What makes a hazel bean pole proper? Is that the Corylus or the Hamamelis? I lack the normal hazels here, although there is a native Corylus cornuta. We grew ornamental cultivars of Hamamelis on the farm, but discontinued because we could not sell enough. I did happen to get Hamamelis virginiana for my own garden. None get as big as yours, particularly if coppiced. (I do not coppice any of them, but alternate canes instead. Even then, the stems are remarkably even. They curve gently, but without gnarls. For bean poles, we use those annoying bits that fall from the redwoods. They are also remarkably even, with the same slight curve to them, and they last for years.

    • Cathy says:

      They are mostly cut from the ‘ordinary’ hazel, Corylus avellana, Tony which is native the UK and historically has been coppiced for centuries

      • tonytomeo says:

        That is one I have never worked with. I had only seen them in the Pacific Northwest. They are not ordinary here, perhaps because almond and English walnut were important orchard crops. (There was not need to import more nut producers.) Are they coppiced on alternate years, or every few years? If I grew one or more, I would not want to coppice it annually, and deprive it of nut production. That is why I alternate canes of the native species, although we get no nuts anyway.

        • Cathy says:

          Traditionally areas would be cut on rotation, usually every few years

          • tonytomeo says:

            So, they get coppiced completely to the ground, rather than cut by alternating canes. I used to do that with poplars for firewood. I cut one annually. (We do not need much firewood here.) After they were all cut once, the first one to be cut was ready to be cut again, so the cycle was repeated.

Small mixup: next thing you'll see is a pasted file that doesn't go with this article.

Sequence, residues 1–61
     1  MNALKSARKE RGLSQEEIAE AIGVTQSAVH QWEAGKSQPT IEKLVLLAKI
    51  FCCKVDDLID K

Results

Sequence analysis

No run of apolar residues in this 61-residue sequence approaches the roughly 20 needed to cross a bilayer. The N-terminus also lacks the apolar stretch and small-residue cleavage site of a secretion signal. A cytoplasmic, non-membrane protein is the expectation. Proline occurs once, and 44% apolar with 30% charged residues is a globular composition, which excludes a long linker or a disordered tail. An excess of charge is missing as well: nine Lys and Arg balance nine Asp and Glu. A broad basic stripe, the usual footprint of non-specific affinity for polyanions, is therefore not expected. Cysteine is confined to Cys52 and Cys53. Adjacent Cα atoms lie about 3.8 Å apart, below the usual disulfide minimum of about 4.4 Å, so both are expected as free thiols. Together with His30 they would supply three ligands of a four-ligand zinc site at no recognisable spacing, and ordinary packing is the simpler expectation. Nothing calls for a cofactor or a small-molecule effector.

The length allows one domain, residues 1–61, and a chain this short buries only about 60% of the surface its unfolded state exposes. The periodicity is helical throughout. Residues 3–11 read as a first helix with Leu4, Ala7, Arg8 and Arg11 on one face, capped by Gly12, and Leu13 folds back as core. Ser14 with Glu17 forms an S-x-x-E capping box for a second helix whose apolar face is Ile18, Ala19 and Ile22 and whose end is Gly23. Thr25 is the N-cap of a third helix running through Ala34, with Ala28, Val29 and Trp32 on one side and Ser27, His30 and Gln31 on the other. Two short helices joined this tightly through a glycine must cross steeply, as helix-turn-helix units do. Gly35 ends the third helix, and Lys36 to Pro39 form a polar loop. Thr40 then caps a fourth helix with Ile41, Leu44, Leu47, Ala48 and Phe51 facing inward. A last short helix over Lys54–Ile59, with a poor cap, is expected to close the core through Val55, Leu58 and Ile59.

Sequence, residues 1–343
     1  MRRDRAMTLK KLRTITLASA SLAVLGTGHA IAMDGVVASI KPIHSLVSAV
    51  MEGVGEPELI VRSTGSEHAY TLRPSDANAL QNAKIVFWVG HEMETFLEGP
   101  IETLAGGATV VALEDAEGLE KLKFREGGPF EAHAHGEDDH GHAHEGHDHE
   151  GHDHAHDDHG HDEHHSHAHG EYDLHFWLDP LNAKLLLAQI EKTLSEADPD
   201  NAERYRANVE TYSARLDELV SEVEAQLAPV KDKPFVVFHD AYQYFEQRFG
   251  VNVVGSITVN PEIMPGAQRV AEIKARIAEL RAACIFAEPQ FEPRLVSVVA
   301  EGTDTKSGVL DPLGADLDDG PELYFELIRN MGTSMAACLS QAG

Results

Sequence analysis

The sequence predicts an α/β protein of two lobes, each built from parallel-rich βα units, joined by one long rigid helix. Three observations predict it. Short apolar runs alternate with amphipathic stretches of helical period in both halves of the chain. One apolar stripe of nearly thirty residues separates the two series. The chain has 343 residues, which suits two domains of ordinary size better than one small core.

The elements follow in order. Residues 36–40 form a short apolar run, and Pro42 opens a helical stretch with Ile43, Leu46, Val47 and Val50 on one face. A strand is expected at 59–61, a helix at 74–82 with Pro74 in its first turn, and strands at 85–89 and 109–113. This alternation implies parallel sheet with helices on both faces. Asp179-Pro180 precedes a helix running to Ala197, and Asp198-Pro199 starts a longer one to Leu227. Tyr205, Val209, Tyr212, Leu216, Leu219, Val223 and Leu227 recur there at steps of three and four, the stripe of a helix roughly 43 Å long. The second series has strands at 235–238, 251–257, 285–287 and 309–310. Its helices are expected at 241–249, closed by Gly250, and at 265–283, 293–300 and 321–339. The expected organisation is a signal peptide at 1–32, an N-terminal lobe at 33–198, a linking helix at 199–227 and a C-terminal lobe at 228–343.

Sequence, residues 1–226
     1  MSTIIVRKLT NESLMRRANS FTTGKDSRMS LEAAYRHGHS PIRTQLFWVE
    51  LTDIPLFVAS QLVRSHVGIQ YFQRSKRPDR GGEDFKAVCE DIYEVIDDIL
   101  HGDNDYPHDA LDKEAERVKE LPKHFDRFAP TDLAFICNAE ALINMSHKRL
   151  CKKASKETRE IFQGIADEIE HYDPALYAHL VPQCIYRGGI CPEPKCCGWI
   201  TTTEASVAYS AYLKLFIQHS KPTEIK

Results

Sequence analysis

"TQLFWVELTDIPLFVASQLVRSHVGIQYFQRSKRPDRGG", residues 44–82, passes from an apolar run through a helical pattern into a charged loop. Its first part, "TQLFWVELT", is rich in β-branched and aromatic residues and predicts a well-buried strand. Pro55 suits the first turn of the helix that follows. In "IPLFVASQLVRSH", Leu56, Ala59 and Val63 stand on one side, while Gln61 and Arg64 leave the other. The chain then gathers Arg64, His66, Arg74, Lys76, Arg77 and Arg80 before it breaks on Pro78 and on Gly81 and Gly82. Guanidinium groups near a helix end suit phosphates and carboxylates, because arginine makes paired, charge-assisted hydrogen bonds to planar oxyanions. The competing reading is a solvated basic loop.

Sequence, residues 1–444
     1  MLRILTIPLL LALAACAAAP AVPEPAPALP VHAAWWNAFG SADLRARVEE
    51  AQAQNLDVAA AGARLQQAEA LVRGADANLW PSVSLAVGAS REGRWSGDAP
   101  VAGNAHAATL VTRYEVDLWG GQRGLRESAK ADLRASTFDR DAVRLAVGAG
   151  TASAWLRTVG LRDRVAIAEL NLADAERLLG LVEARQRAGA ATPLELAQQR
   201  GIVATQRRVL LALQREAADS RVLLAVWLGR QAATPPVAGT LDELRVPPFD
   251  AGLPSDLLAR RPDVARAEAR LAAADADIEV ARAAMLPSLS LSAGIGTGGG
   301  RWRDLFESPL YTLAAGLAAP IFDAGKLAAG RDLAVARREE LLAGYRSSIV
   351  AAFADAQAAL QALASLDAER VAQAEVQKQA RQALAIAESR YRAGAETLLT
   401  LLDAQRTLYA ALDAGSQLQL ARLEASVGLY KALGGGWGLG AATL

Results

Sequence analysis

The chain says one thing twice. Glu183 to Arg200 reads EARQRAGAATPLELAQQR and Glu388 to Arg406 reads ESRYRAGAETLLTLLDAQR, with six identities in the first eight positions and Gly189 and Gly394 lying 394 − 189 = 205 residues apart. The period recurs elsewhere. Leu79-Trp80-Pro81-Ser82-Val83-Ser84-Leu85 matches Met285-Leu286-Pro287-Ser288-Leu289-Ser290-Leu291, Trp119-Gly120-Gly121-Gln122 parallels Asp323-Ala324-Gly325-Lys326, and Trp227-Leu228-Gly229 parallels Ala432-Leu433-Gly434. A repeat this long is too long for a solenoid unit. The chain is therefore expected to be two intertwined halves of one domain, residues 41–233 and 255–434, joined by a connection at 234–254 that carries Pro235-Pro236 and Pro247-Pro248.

• Cathy says:

            Yes, I believe so, Tony, although modern methods may vary depending on the size of the coppice I expect

          • tonytomeo says:

            Because the techniques, both coppicing and pollarding, are so stigmatized in California, I almost never see it done properly. I certainly see plenty of hack jobs, but that is about all. However, there is an arborist who pollards a historic Grecian sycamore, which is a copy of the Tree of Hippocrates, at the main hospital. His work is examplary, and in the English style (which is actually more sustainable than the cheap Californian style that I prefer.) I do not know who he is, if he is local, or if he comes here from somewhere else for this particular tree. I would recognize his or her work if I saw it somewhere else.

          • Cathy says:

            That’s really interesting Tony, and your tribute to the arborist suggests that he is a true professional who takes great pride in his work

          • tonytomeo says:

            It is so rare nowadays that it is impossible to ignore. Although, such exemplary work would have gotten my attention anyway. When I was in school, we learned only that pollarding and coppicing were ‘bad’. I never agreed with that, and still do it for some plants. It is obvious to me that many so-called ‘gardeners’ do far worse things than pollarding and coppicing.